In Snyder's estimation, however, what has taken place so far has only scratched the surface. "A lot of it is still to come," he said. "I'm not sure a lot of states have fully addressed this issue. Some are looking at teachers first."

The three Midwestern governors will tackle the issue with different styles. Snyder, a moderate Republican, has already named the outgoing Democratic speaker of the Michigan legislature as his state treasurer. He is a consensus-builder by personality.

Kasich, in contrast, has already declared war on the teachers union in his state, angered by the campaign ads the union ran against him during the campaign. The day after his victory, he told reporters, "I am waiting for the teachers union to take out full-page ads in all of the newspapers apologizing for what they had to say about me during this campaign."

In an interview Wednesday, Kasich said he is reaching out to labor unions in Ohio as part of his campaign to revitalize the economy but indicated no interest in early accommodation with public employee unions. "They're going to have to understand there's going to have to be equity," he said.

Dealing with their budgets will be just part of the challenge for the new Midwestern governors. They were united in their assessment that their states must become more business-friendly to succeed economically. All talked about cutting taxes and regulations on business as part of their strategies.

With a Republican legislature behind him, Walker said he plans a special session for the day he is sworn in to push through some of those changes in an effort to show that "the style and the substance of this administration and of this state has changed."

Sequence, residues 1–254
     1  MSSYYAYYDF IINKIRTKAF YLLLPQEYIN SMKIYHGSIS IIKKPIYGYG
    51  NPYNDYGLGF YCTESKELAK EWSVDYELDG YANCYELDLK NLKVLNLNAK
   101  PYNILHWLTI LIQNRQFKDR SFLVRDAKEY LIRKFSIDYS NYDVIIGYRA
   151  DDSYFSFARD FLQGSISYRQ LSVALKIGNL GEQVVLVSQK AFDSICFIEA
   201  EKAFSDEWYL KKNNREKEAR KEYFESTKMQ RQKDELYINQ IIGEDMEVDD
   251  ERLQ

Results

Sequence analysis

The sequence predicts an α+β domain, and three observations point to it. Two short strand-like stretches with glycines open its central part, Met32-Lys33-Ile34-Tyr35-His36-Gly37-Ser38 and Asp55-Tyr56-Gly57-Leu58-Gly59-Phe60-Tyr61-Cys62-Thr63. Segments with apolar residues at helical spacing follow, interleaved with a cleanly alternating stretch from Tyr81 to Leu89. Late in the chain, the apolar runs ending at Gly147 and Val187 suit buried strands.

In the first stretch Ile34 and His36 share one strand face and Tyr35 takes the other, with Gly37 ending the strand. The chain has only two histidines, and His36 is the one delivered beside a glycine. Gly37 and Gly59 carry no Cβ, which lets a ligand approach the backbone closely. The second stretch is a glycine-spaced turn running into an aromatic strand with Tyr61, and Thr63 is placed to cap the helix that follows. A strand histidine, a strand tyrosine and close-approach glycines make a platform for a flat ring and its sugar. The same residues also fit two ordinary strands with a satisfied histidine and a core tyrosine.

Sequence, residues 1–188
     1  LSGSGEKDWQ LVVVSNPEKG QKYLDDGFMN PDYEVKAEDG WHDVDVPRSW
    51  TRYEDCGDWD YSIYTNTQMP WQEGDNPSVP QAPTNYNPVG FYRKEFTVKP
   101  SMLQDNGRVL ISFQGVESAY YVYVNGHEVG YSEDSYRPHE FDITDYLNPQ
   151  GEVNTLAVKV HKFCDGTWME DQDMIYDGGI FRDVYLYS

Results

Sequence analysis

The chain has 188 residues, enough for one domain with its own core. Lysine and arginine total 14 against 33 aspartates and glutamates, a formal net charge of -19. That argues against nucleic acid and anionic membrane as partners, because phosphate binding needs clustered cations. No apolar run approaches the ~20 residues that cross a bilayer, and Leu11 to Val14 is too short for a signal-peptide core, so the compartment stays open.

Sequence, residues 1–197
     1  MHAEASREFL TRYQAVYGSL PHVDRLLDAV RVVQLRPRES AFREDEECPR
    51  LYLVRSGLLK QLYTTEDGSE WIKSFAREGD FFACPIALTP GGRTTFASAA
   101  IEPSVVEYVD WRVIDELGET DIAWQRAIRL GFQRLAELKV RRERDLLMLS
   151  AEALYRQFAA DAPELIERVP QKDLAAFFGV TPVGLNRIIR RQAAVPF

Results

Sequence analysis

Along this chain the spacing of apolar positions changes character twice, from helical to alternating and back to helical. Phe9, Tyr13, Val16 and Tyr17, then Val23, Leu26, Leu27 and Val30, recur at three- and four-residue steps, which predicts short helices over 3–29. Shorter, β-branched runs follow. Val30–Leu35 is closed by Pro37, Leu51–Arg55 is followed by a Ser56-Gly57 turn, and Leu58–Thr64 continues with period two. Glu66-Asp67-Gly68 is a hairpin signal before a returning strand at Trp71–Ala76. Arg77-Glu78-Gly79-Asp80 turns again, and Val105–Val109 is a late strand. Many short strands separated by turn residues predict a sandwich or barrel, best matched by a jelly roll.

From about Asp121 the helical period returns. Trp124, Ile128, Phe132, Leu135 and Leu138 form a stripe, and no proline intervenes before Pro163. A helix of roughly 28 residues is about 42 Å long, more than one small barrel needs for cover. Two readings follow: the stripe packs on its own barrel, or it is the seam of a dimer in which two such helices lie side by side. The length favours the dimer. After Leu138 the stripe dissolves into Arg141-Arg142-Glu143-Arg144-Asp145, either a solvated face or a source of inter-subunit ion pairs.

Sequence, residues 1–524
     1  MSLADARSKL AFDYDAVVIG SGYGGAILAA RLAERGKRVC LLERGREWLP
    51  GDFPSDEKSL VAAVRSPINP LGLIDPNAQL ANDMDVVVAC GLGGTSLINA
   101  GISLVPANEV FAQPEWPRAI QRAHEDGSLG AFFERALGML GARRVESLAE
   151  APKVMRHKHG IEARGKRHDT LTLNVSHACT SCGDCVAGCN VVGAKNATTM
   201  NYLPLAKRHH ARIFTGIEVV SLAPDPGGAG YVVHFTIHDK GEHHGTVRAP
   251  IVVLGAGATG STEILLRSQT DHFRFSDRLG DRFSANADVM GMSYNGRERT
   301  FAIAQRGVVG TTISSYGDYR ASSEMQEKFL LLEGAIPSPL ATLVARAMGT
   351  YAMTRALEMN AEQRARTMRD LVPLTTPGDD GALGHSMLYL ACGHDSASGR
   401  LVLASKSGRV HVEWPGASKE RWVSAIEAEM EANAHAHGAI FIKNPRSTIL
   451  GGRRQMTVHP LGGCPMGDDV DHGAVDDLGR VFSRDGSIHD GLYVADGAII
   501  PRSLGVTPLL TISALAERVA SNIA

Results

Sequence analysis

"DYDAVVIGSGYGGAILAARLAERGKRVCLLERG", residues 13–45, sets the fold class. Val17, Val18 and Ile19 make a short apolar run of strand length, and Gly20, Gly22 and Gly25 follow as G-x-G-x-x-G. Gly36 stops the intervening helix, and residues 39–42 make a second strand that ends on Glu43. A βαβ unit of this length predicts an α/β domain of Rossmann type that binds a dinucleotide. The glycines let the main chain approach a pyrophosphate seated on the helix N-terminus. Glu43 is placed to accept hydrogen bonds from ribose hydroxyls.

Snyder talks about out-of-the-box approaches to running state government and creating jobs. His goal, he said, is a strategy of "gardening not hunting," by which he means he hopes to nurture and boost businesses in the state first, rather than trying to attract companies to move into Michigan.

Kasich, the former House budget chairman, declined to set specific targets for job growth in Ohio. He said he would make clear with his early initiatives that the business climate has changed. That, he said, will be enough to start the process of turning around the state. "I'm not going to put a number out there," he said. "I'm going to have a good season and people will know it."

Many of the newly elected Republican governors around the country have sizable legislative majorities to back them up. That means, unlike their colleagues in Washington, they will have a far easier time enacting and implementing conservative strategies on the economy and on budgeting.

At this stage, these new governors are vowing not to duck the tough issues, starting with public employee compensation. But the onus is now on them and their legislative colleagues to demonstrate that their ideas can produce results - and jobs - that their Democratic predecessors failed to do. Voters showed their impatience earlier this month by tossing out Democrats across the country. Republicans have little time to waste.